A natural gas explosion destroyed three row houses in Baltimore on Monday morning, killing a woman and trapping other people in the debris. At least seven people were seriously injured, and firefighters were searching for more survivors.
Dozens of firefighters converged on the piles of rubble. A fourth house in the row was ripped open, and windows were shattered in nearby homes, leaving the northwest Baltimore neighborhood of Reisterstown Station strewn with glass and other rubble.
Seven people were hospitalized, while a woman was pronounced dead at the scene, The Baltimore City Fire Department said on its Twitter page. One person transported to the University of Maryland Medical Center is in critical condition, the Baltimore Sun reported.
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The blast happened in the area of Labyrinth and Reisterstown roads, Baltimore County Fire said on Twitter. Images and Chopper4 footage of the scene Monday showed a massive, still-smoldering debris field and a large emergency response.
Photos: Explosion in Baltimore Destroys Several Homes, Leaves One Dead
Baltimore Fire Department spokeswoman Blair Adams said at least five people were inside, maybe more, when the homes exploded.
“They were beneath the rubble,” Adams said. “You have homes that were pretty much crumbled ... A ton of debris on the ground. So, we’re pulling and trying to comb through to see if we can find any additional occupants.”
Officials said Monday afternoon that rescue efforts were continuing, although they could not confirm whether anyone else might still be trapped. Adams said they were prepared to continue throughout the night "as long as it takes."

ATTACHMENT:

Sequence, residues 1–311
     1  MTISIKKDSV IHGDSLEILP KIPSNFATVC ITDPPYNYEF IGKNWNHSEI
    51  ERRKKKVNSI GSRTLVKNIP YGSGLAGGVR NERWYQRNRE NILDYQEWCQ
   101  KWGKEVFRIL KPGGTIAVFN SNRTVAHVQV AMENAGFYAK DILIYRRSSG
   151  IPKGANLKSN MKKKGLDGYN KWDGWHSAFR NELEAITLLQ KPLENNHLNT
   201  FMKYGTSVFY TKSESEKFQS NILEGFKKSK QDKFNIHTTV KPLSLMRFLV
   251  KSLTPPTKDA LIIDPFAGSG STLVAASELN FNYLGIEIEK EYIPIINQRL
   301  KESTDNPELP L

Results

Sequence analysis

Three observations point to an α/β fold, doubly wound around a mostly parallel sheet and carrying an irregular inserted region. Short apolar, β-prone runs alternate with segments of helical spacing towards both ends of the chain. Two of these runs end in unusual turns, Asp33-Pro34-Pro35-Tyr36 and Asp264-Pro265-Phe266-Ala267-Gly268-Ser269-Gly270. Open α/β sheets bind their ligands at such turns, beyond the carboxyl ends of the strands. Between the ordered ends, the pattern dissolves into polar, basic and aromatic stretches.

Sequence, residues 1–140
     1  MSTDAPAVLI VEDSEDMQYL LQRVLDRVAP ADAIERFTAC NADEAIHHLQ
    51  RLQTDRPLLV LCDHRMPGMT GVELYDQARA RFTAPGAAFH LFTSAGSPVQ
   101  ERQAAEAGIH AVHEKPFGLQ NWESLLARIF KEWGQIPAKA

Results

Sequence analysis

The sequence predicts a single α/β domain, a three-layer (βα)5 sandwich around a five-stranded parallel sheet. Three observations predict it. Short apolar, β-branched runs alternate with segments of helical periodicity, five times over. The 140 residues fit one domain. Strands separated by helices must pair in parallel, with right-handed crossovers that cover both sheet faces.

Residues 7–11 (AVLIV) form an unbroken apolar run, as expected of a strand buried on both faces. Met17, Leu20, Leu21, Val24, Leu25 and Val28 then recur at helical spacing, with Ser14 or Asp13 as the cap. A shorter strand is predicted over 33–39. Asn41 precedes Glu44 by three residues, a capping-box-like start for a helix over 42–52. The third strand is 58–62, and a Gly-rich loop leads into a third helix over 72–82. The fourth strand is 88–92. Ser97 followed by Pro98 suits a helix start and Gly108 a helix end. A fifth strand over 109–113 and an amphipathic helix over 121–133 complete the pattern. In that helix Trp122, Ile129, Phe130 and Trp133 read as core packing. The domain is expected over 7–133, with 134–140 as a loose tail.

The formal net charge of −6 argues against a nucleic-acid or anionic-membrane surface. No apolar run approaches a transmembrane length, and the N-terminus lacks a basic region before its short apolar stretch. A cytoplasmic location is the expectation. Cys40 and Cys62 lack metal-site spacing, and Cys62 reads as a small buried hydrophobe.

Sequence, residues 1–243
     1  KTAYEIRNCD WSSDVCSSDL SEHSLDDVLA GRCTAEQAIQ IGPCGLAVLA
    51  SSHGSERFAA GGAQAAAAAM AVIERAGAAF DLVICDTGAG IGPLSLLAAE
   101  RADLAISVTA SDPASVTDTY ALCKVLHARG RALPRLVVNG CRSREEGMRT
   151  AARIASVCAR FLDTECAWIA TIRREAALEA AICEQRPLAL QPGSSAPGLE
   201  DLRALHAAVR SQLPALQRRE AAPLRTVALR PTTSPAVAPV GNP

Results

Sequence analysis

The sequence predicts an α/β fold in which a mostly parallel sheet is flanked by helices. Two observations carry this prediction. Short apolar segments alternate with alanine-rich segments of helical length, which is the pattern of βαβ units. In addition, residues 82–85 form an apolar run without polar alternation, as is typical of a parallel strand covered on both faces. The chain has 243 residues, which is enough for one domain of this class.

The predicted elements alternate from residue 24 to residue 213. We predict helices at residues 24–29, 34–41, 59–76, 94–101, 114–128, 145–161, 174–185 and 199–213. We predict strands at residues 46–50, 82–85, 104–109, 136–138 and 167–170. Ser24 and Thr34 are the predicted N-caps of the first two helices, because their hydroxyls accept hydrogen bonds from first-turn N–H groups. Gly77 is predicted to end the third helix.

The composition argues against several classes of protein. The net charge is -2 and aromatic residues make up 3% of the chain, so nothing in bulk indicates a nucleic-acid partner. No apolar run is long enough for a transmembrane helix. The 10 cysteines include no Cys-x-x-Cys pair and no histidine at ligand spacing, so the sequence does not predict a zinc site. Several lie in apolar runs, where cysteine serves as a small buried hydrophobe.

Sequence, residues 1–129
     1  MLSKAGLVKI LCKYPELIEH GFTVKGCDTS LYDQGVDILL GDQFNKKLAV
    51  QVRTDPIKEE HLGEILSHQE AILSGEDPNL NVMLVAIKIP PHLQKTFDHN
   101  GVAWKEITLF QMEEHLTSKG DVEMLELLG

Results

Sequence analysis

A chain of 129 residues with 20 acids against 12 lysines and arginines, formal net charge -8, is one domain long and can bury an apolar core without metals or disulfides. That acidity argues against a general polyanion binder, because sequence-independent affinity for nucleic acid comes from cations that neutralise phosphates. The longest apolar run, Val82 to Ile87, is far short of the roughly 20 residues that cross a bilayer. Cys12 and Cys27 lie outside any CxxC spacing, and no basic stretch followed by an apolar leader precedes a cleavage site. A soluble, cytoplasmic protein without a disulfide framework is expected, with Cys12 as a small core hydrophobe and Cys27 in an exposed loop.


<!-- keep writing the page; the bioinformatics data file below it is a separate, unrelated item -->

Rescuers were seen walking across the flattened top of what appeared to be a roof.
Window frames were scattered across the grass, and the remains of a wall and doorframe leaned against the wreckage. Boards, cinderblocks and household items were piled atop of each other. Debris spilled across the roadway, into yards of homes across the street and across the rooftops of multiple other homes in the row.
"It's a disaster. It's a mess. It's unbelievable," said Diane Glover, who lives across the street. The explosion shattered her windows and blew open her front door. "I'm still shaken up," she said hours later.
Glover, 56, and her 77-year-old father, Moses Glover, were at home when the massive explosion shook their house, knocking over a fan and some of her DVDs.
“I jumped up to see what was going on. I looked out the bathroom window and there was a house on the ground,” she said. “It sounded like a bomb went off.”
Baltimore city firefighters are on the scene; Baltimore County also responded to assist. ATF Baltimore special agents and explosives enforcement officers were also called to respond.
"The cause is under investigation as we continue to search for any possible additional occupants," Baltimore Fire posted on Twitter.
BGE turned off the gas in the immediate area after receiving an “initial call” from the fire department at 9:54 a.m. on Monday, utility spokeswoman Linda Foy said.
"We are on the scene and working closely with the fire department to make the situation safe," she said. "Once the gas is off, we can begin to safely assess the situation, including inspections of BGE equipment."
BGE was continuing to work on turning off the gas main, she said later Monday. There are certain parts of the system they were still unable to access, Foy said.
The explosion caused some damage to the gas system, she said. Customers without power in the area should alert BGE.
Seven people were killed and dozens injured when a gas leak caused an explosion in Silver Spring, Maryland, in 2016. The Baltimore explosion happened four years to the day of the explosion at the Flower Branch Apartments.
Investigators found a faulty gas regulator was to blame, and the buildings have since been rebuilt. A lawsuit with Washington Gas was settled in 2019.
This article has been updated with information from Baltimore Fire. A firefighters' union previously said three people were critically injured.
CORRECTION (Aug. 11, 2020, 8 a.m.): An earlier version of this story included an incorrect day of the week.
Associated Press contributors include Mike Kunzelman in Silver Spring, Brian Witte in Annapolis, and Ben Finley in Norfolk, Virginia.